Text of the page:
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The Monongahela River Packet Company And A Race On The River

Posted 02-12-2009 at 06:15 PM by Larry Durdines
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This is the steam packet boat Elizabeth at Fredericktown in 1902. She was 188 feet x 35 x 5.5 and was built at Brownsville ( the hull was built at Belle Vernon ) in 1888 for the Pittsburgh - Elizabeth Pa. trade. This trade died out by 1900, no doubt because the railroad had long by that time went as far upriver as Brownsville. It would be 7 more years till the rails reached any farther south. This made the Ten Mile Creek Country trade above Brownsville worth pursuing. In 1902 an independent line was formed called the Monongahela River Packet Company and ran the Elizabeth under that flag as far upriver as Morgantown. This put her in competition with boats of the Pittsburgh Brownsville and Geneva Packet Company , the oldest and biggest company on the upper river.

In August of 1902 she and the rival company's Str. I. C. Woodward met below old lock # 9 and raced each other to the chamber to be the first to lock through. They must have been pretty evenly matched because they arrived at the same time , both becoming wedged in the mouth of the lock and neither could or would move for the other. Here they sat for a while until the Masters of the vessels were called and the issue resolved .

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The race resulted in a tie

Which won the race is unknown but in the end the smaller company lost out to the bigger in the trade. The fall of the same year of 1902 saw the end of the Monongahela River Packet company. She was laid up later that year and in 1903 was sold and moored in the Allegheny river above Pittsburgh's 6th street bridge. In 1904 the boat next to her , the Olivette , caught fire setting the Elizabeth ablaze. She was turned loose, drifted under the Union bridge , a covered wooden structure and set it on fire . She was then pushed to the bank "where she burned at leisure".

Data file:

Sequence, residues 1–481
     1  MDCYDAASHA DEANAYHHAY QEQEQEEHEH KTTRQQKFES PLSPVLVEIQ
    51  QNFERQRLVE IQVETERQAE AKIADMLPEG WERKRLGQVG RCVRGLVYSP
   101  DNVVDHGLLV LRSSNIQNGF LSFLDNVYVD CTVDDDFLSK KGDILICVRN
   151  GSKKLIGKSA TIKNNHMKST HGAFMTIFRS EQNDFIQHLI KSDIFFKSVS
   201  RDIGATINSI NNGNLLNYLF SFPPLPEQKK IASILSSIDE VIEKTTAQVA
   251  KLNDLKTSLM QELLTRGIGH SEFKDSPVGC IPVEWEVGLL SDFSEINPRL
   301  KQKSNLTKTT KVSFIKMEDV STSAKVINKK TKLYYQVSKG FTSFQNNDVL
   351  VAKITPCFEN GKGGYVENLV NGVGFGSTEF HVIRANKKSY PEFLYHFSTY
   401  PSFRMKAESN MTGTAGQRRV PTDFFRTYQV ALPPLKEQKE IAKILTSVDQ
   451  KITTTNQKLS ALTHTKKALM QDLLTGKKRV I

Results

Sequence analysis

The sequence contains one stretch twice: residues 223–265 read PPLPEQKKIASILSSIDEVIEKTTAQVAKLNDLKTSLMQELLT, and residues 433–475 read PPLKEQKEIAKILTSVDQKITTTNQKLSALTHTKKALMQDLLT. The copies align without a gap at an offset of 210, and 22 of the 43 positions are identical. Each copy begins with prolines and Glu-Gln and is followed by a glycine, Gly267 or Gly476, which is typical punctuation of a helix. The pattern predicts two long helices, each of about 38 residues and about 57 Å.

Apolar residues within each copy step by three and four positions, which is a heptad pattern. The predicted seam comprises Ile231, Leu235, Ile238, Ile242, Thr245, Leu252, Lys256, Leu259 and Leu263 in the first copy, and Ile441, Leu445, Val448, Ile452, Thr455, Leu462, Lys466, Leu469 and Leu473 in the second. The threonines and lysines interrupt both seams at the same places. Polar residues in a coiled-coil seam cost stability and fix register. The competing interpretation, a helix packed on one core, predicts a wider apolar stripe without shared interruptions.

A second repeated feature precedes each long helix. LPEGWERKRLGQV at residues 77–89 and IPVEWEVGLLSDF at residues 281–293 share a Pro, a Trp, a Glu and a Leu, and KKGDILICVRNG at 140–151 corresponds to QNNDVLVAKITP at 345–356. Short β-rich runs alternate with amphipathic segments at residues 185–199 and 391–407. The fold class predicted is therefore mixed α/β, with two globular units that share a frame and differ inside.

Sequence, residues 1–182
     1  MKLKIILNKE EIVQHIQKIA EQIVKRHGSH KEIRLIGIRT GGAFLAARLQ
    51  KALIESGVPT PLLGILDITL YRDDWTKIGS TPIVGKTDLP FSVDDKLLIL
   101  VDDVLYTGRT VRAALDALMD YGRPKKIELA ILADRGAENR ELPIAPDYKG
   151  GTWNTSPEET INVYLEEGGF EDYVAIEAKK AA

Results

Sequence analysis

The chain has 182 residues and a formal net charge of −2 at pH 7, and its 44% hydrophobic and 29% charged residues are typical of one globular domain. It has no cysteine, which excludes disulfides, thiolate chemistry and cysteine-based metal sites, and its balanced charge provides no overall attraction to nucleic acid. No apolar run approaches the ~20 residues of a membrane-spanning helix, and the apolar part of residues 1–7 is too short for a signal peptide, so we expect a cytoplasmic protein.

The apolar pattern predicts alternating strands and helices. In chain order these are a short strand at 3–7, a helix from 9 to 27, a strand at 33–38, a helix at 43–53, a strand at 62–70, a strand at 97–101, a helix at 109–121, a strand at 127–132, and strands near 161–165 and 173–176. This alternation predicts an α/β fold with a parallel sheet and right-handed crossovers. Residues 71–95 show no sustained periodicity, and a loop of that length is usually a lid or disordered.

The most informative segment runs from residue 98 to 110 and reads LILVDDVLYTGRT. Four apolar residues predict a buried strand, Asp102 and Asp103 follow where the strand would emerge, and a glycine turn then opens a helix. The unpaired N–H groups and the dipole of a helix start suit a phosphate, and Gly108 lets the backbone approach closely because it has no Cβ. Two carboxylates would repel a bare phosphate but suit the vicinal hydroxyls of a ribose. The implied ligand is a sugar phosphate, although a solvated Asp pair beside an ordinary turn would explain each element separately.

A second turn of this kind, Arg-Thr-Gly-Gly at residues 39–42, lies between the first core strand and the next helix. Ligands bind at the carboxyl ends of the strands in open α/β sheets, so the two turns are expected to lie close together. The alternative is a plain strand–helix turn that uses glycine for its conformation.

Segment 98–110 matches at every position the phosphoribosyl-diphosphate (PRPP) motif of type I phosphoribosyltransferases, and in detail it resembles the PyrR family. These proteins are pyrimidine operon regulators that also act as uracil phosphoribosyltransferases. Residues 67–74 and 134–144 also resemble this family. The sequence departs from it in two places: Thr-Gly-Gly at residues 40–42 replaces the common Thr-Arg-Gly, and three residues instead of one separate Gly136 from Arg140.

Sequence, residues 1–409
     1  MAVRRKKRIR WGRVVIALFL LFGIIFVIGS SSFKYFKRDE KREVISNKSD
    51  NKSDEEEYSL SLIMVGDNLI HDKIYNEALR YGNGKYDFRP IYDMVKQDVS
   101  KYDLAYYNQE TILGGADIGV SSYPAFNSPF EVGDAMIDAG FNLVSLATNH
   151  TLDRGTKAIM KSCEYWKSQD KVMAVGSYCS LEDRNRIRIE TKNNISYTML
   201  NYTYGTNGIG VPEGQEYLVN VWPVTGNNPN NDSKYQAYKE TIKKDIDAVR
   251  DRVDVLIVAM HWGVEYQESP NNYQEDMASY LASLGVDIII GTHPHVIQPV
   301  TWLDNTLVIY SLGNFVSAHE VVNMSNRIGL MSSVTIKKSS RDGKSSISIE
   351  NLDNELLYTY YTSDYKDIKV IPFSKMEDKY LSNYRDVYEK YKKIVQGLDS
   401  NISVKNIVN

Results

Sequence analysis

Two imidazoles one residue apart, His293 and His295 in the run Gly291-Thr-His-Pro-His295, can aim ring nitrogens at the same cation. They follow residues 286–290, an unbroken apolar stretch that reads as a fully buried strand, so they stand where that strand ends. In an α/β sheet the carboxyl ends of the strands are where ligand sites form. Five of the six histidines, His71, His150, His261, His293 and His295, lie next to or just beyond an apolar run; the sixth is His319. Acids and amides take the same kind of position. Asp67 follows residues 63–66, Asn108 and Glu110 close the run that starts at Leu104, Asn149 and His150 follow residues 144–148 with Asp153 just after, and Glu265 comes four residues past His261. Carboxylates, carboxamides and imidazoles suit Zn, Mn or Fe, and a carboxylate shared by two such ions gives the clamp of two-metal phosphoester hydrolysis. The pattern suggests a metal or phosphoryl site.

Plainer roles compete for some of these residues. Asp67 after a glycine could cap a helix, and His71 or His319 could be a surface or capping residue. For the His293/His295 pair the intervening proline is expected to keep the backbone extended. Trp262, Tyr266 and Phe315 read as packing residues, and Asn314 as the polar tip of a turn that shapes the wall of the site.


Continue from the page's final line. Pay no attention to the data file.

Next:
Fire was a big enemy of these large wooden structures, dried wood, countless coats of flammable paint ( anyone who has ever worked on any riverboat, of wood or steel, can tell you that the paint is applied at every opportunity ) , kerosene lamps ( until the 1890's ) , coal or coal oil stoves, strong winds often present on the river, all made it a real possibility. Most cities had large wharf front fires at different times that would destroy many boats at once. Other very real dangers were snags ( sunken trees poking into the hull, causing some boats to sink in less than a minute ) and other sunken obstructions, boiler explosions, groundings and Pilot errors. Some boats lasted 20 years and many just a few years. All were heavily insured so when for instance, the Str. New Era was sunk then usually out came the New Era # 2 in a few months.

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Here's the Elizabeth at Brownsville rounding to with her stacks knocked back to clear the wooden covered bridge there. On the left descending bank is the Str. Edgar Cherry, a packet that ran for several years between Pittsburgh and Morgantown until she hit the gates at old lock # 4 and sunk in 1904.

Information for this was taken mostly from Ways Packet Directory, 1848 - 1994 by Fred Way Jr. Some images are from the most complete site on Mon river built boats, Steamboat Building in Elizabeth, PA . This wonderful site is maintained by Jay W. Mohney and his efforts are a priceless addition to river knowledge. This is taken from my site Ten Mile Creek Country.
Total Comments 2


Larry, thanks for this, from a 'burgher...the Mighty Mon...You know I know so little about Pittsburgh and her steamboat era but I'm reading as fast as I can...Looking at the pictures on your friend's website, gotta love how the spelling on the back of the very same towboat morphed over time from "Pittsburg" to "Pittsburgh"...

Welcome to our little bit of lunacy here...
Posted 02-12-2009 at 08:22 PM by Bruno Krause Bruno Krause is offline
Hi Bruno, thanks for the welcome. It seems to be a nice neighborhood here. I think you will agree that there is too little written of steamboats and the Monongahela River areas' contributions. We invented and then refined the western rivers steamboat right here in western Pennsylvania. Of course on down the river decades later, the wonderful shipyard artists there raised the design to a unique art form.
Posted 02-14-2009 at 01:55 PM by Larry Durdines Larry Durdines is offline

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